Alle with a baby alligator.
By Alle Foster
Hello! My name is Alle Foster, and I am the Conservation Manager for the WAVE Foundation at the Newport Aquarium. I am with Ric Urban and Becky Echtenkamp from the Husbandry Department at the Newport Aquarium, and we are going on a very unique adventure over the next few days… and I am going to share it with you!
When we are at work, a lot of guests ask us, “How do you get the animals at the Aquarium?” or “Where do the animals come from?” It is definitely a good question, and many people don’t realize that a lot of the animals are “on loan” from other accredited zoos and aquariums around the United States, and sometimes we have to travel to pick up (or drop off) these different animals. So Ric, Becky and I are on a trip to Tennessee, Georgia, Florida and South Carolina to drop off, and pick up, some of our amazing animals. And of course we end the trip with picking up Bravo, the more than 600-pound, nearly 85-year-old Galapagos tortoise! Over the next few days we will be posting about our adventure and sharing all the fun and unpredictable aspects of our trip!
Operation Bravo: Part 1
Day 2 and 3: Atlanta and Valdosta, Ga. – and half of our mission in St. Augustine, Fla.
Hello again! Since we left a day early, that gave us more time on the road before sticking to our planned schedule. So we stopped at Zoo Atlanta on the way to Wild Adventures in Valdosta. I am quickly learning that Ric knows everyone in the Zoo/Aquarium industry! He has friends all over the United States, and those friends have been very good to us on this trip.
This is an indigo snake that was shown to us at Zoo Atlanta. This is one of their outreach animals.
After a quick stop to visit the zoo and see some of the animals, we moved on to Valdosta where we unloaded all the animals into the hotel again and confirmed all the plans for the morning. We definitely get a lot of questions about “Why do you have so many coolers?” when we move the animals inside, but usually we are moving so fast and with determination that we never truly answer the question!
Most people don’t know that the Newport Aquarium is owned by a family company called Herschend Family Entertainment.
HFE sign that hangs at Wild Adventures in Valdosta, Ga.
They are an amazing organization that owns many different entertainment properties around the United States, such as Dollywood, Ride the Ducks, Stone Mountain Park, etc. They also own Wild Adventures in Valdosta, Ga., which is the reason why we are here. Wild Adventures is the institution that is going to be taking our albino American alligators, Snowball and Snowflake. Ric wanted to stop by along the way talk to the future caretakers, see the enclosure options, and see if there was anything else that they needed from us to take the best care possible of the albino alligators.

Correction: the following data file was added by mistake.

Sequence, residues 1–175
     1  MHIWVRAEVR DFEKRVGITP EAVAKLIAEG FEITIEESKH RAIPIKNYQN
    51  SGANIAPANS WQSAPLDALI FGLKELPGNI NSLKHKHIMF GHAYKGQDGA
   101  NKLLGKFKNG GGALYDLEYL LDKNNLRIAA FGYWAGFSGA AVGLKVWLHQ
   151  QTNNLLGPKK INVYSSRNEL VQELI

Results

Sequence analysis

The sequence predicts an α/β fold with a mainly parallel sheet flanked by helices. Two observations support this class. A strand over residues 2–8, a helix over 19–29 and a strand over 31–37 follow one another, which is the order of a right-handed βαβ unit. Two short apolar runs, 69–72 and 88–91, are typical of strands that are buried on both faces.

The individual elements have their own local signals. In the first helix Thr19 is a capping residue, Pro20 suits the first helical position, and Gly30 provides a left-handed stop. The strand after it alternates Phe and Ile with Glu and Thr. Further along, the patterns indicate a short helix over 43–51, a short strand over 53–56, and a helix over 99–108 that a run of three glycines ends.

This is one of the options for an exhibit space that our white gators might be moving to. A very tropical looking exhibit!
The amazing thing about Herschend Family Entertainment is how connected each property is to one another. We not only share animals between the properties, but we also share ideas and help each other along the way. It truly is a family company! So, at Wild Adventures, we met up with a wonderful man named Chris Kilpatrick, who toured us around the park, showed us some great animals (such as their elephants, giraffe, rhino, deer, birds, big cats, etc.), and Ric and Chris talked and gathered a lot of information from each other. (Fun fact! Wild Adventures is closed for the winter, so it was fun walking through a “guest-free” theme/animal park! So we had the entire park to ourselves!)
Chris Kilpatrick with his elephant at Wild Adventures in Valdosta, Ga.
About halfway through our visit at Wild Adventures, Ric got a call from Billy from Gatorland. Gatorland is the institution that is going to be taking our two American Alligators, Bert and Ernie. Gatorland would have been a further trip for us, so they were able to meet us in Georgia to make things easier. So we met Billy in the parking lot, and he and Ric prepared the animals for the next step in their journey. Bert and Ernie were two of the animals that I used the most for educational programs for the WAVE Foundation at the Newport Aquarium, and everyone who ever had the opportunity to work with them, or show them to a group of guests, loved them. I made sure to quiz Billy about “What kind of exhibit will they be in?” and “When can I come visit?” I know Gatorland will take great care of our animals, but it never hurts to ask a few pointed questions!
We then continued on our journey to St. Augustine Alligator Farm in Florida, and we are all out of crocodilians!
Alligator farm sign is exactly what it is …
We dropped off the last three animals (the tomistoma, the spectacled caiman and the dwarf caiman). We are going to be picking up a few animals in the morning to take back to Newport, but we are currently out of animals for the night. So that means… no moving the coolers into the hotel!
Unloading animals for the last time at St. Augustine Alligator Farm. YAY!
I am looking forward to the morning because St. Augustine Alligator Farm has all 23 species of crocodilians on exhibit! So that will definitely be crossing an item off my bucket list! We will also be picking up the new crocodilians and heading to the Turtle Survival Alliance in South Carolina!
And then… we will FINALLY meet Bravo! We can’t wait!